Humanity’s last stand is at stake in the upcoming epic action “War for the Planet of the Apes” where peace is shattered in a winner-takes-all war for the planet. Here we see the incredible transformation of the actors in mo-cap (motion capture) technology as they bring their characters to life on the big screen.
As the war rages on in “War for the Planet of the Apes,” the third and climactic chapter of the critically acclaimed blockbuster trilogy, director Matt Reeves and an all-star cast unleash the rapidly evolving simians into a world boiling over with anger and revenge. In a flurry of mythic filmmaking, audiences will witness the pivotal moment that determines the fate of human civilization forever and be immersed in the ape leader Caesar’s emotional quest to lead his young society to a new home, even as a war between his belief in family and honor versus the lure of a vengeful reckoning churns within his soul.
Big ideas and potent storytelling combine as “War For the Planet of the Apes” pushes the series into new realms of legend-building as it explores the values that forge a civilization. It all comes to life driven by the most complex and intense performance by Andy Serkis yet as the majestic Caesar, and groundbreaking visual effects from Weta Digital. Also returning to the series is Karin Konoval as Caesar’s trusted advisor, Maurice, Terry Notary as Caesar’s right-hand man, Rocket, as well as Judy Greer as Caesar’s wife Cornelia and Toby Kebbell as Koba.
The development of leading-edge performance capture technology technology that can record even the tiniest nuances of movement, gesture and emotion to animated characters via human actors has led to the creation of some of motion pictures’ most memorable personalities, including the apes seen in Rise of the Planet of the Apes and Dawn of the Planet of the Apes.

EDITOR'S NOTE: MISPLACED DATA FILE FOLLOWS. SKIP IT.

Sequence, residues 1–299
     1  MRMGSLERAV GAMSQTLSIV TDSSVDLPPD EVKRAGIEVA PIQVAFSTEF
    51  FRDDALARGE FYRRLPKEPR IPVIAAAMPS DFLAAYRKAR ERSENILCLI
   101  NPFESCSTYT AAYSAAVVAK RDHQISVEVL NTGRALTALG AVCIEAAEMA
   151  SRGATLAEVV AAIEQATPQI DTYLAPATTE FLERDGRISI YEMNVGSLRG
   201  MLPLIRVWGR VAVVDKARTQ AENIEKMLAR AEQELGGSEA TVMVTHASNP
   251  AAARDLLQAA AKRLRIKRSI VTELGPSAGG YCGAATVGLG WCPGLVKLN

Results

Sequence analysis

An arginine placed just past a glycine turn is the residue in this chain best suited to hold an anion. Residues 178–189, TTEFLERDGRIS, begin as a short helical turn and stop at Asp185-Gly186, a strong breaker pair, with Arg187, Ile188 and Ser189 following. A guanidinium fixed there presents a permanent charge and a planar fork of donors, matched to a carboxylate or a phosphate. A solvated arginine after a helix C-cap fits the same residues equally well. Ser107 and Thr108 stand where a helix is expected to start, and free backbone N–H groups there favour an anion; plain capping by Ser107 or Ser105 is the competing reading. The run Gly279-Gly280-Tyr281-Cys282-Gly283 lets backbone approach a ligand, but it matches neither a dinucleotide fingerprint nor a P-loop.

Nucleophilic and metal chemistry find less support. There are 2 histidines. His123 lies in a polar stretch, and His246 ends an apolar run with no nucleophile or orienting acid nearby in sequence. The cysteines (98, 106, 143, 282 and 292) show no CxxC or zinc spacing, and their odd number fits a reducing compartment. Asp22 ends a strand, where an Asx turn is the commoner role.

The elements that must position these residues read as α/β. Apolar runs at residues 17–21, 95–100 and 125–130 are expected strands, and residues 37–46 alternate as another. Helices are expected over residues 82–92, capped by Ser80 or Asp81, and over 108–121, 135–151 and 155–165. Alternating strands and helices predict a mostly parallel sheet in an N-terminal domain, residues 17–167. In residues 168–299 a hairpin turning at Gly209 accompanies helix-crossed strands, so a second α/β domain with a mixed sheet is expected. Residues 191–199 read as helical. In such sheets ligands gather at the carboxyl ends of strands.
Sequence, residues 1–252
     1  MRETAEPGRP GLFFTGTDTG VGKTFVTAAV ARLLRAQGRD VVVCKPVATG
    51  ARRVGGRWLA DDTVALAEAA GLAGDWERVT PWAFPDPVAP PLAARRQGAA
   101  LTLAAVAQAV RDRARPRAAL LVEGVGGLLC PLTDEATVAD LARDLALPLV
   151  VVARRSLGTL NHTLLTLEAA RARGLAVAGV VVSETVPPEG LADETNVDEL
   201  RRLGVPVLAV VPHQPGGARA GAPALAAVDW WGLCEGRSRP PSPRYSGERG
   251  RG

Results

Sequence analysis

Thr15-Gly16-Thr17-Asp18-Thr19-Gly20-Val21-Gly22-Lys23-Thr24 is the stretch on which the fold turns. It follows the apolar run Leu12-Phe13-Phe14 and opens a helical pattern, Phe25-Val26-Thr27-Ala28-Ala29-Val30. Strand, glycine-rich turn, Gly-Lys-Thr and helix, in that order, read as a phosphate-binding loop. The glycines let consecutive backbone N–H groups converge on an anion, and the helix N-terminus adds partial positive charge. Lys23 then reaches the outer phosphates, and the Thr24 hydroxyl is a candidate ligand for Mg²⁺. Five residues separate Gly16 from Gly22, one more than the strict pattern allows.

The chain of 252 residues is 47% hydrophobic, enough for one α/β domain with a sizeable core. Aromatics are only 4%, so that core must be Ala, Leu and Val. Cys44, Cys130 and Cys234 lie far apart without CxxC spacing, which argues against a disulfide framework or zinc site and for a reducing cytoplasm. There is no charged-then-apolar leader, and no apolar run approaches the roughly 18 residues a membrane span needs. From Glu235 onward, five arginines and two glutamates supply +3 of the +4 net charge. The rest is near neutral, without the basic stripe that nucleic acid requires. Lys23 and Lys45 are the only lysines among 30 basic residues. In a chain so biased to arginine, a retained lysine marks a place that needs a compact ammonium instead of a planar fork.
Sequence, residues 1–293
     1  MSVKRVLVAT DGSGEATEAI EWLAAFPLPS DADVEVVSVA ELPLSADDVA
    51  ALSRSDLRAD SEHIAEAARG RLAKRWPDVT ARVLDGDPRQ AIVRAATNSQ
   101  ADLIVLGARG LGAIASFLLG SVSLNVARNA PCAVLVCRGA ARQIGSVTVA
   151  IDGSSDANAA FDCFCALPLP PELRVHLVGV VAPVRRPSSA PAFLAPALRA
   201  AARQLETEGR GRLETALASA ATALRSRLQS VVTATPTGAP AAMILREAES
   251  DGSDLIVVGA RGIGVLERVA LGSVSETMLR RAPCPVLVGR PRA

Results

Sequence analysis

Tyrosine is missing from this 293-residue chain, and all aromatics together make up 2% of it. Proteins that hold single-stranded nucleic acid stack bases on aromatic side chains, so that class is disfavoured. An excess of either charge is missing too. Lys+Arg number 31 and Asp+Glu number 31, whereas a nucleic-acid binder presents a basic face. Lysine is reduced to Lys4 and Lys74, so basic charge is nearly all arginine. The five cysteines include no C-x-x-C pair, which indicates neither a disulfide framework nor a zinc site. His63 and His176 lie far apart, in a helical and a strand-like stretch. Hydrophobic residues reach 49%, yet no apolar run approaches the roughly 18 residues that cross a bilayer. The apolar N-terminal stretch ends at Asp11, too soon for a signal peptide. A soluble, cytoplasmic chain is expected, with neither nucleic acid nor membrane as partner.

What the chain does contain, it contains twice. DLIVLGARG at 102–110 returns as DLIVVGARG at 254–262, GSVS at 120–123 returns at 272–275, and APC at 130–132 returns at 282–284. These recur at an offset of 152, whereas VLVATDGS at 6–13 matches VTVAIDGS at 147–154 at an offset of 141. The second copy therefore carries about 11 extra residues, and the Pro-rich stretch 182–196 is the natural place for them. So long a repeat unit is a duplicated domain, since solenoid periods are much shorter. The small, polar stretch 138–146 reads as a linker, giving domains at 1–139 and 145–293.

The filmmakers once again turned to the visual effects artists at the New Zealand-based visual effects house Weta Digital. “Working with Dan Lemmon and the artists at Weta is so inspiring,” says Reeves. “They are constantly raising the bar of what is possible, and the results in this film are absolutely a high water mark in visual effects to date.”
Weta Digital has continued to evolve their capture technology over the three films to ensure no matter where the story goes, the performance of the actors onset is always recorded so the animators can see the dynamics at play. “When we shot Rise, performance capture had never before been attempted in an open environment outside a soundstage, and we were the first to shoot in the woods,” Peter Chernin recalls. “Now we’re going to mountaintops and into the snow. People don’t know how extraordinary complex it is.”
Giving Weta another new challenge, War features a dozen key ape characters, more than in the previous films, and they also are speaking with more sophistication. War marks another first for performance capture – the first time it has been used in extreme weather, including falling snow. Lemmon explains the daunting task: “We had to take a process already considered very sensitive and carefully calibrate it into areas with sub-freezing temperatures and snow flurries. It’s exciting, because we’ve opened up the possibility that you can use performance capture anywhere, interacting with any environment and still have full confidence that you’ve captured every nuance an actor is bringing.”
“War for the Planet of the Apes” opens July 12 in cinemas nationwide from 20th Century Fox to be distributed by Warner Bros.